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If Nevada taxes brothels, can statewide legalization be far behind?

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Nevada is truly a state in conflict. Exhibit A: This year’s proposed 8 percent sales tax on legal brothels. That this is even being discussed is somewhat of a modern marvel. Up until a few weeks ago, Nevada’s legislators refused to even acknowledge the state had brothels, let alone legitimize them by taxing their, uh, goods and services.

In 2009, Bob Coffin, then a state senator, mentioned the possibility of legalizing and taxing prostitution statewide as—gasp!—a revenue generator. It died. Speaker Barbara Buckley was blunt: “I just don’t support the idea.”

What’s been most bizarre is that the biggest proponents of the tax appear to be the brothel owners, including Moonlite BunnyRanch owner Dennis Hof. This despite a downturn in business and a declining number of brothels—in the 1980s there were 40 statewide, today there are 18.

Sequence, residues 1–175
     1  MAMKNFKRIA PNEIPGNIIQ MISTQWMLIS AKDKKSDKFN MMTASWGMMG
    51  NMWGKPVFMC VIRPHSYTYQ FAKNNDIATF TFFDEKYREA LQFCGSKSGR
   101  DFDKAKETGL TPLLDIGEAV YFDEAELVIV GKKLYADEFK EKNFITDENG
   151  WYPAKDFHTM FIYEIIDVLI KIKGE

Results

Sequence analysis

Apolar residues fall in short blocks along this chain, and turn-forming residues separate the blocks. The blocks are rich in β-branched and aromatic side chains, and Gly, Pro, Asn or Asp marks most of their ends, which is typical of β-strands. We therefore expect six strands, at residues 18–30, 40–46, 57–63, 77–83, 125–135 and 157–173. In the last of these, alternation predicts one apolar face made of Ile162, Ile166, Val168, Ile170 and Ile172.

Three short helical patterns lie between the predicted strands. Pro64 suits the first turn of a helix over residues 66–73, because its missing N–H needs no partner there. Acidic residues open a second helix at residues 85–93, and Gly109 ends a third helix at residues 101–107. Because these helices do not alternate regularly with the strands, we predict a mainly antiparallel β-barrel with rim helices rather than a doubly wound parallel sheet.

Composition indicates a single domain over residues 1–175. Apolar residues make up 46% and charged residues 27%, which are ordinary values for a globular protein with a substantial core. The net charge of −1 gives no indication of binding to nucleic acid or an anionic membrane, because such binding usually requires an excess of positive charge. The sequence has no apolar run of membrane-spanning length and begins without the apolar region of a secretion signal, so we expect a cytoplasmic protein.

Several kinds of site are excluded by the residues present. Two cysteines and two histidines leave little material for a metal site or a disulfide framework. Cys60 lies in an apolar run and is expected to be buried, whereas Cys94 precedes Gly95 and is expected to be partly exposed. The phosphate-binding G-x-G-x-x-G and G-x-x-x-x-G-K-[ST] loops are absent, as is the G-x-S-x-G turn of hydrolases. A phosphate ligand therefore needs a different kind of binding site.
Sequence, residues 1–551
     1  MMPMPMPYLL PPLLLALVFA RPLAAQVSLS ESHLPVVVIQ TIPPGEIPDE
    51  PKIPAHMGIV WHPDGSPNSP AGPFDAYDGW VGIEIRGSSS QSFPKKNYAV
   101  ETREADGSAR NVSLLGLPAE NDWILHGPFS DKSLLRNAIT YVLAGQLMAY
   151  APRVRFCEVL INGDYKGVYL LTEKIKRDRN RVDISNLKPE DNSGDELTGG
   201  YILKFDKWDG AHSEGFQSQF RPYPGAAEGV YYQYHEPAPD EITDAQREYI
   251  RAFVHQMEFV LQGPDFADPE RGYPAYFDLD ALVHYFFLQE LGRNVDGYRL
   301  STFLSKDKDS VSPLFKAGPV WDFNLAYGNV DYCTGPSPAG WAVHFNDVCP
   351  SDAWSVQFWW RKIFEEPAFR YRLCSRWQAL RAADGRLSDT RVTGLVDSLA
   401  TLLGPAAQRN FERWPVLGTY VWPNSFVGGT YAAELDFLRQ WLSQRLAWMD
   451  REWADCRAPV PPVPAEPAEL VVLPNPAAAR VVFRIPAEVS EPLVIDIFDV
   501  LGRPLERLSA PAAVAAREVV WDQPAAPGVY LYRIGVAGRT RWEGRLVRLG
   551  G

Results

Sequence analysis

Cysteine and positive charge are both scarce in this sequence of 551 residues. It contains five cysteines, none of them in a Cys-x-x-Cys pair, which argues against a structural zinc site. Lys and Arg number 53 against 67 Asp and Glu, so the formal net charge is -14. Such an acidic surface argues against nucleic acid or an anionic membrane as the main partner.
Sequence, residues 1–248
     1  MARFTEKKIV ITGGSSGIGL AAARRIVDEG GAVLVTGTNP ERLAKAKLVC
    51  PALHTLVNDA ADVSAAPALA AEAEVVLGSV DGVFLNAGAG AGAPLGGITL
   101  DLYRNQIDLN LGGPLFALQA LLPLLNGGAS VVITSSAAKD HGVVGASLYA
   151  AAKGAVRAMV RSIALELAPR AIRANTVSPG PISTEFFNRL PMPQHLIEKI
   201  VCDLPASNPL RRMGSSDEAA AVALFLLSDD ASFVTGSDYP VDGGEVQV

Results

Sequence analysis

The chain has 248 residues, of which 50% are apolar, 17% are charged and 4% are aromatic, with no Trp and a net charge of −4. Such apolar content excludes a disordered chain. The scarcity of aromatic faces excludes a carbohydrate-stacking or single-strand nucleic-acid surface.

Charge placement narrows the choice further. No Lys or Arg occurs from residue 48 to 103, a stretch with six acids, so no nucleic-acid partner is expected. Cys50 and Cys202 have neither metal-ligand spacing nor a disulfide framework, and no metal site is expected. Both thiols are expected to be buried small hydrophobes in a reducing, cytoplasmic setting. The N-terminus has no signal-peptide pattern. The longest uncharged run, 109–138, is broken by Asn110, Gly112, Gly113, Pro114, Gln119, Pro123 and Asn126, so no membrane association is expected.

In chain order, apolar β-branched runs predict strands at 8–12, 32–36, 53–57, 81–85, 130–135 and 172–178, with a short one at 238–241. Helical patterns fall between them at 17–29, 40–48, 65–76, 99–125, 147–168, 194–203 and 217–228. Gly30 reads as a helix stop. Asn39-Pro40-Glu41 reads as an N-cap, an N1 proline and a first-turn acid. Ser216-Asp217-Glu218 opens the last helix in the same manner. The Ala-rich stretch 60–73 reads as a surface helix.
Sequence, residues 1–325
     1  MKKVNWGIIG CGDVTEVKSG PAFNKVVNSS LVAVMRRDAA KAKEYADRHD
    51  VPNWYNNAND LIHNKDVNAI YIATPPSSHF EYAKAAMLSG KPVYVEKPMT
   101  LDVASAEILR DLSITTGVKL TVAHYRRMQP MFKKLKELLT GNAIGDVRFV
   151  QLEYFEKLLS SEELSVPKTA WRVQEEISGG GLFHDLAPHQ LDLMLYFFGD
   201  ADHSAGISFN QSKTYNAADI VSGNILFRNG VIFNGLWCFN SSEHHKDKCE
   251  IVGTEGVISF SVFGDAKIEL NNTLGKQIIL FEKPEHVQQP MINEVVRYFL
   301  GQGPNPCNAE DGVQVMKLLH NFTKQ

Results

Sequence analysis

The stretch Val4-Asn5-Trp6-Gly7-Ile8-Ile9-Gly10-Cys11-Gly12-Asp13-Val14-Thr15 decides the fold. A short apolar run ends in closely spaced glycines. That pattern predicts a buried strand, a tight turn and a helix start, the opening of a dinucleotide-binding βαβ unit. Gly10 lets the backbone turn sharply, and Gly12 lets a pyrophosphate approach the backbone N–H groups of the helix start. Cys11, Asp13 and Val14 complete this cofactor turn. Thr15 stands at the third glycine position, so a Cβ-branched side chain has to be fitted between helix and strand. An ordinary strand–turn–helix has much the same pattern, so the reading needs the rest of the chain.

Hof says taxing brothels is only part of the solution; legalizing prostitution statewide is the logical next step. “People are making billions on the sex trade in America, and no government is making any money off of it, except in some places in Nevada,” Hof said. “You can’t stop it. Prohibition doesn’t work, and legalization can solve a lot of our problems.”

Heads up, Nevada legislators: If you tax brothels, you could be opening up a seriously big door.

Tags: News, Opinion
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Ken Miller is Las Vegas Weekly's associate editor, having previously served as assistant features editor at the Las Vegas Sun ...

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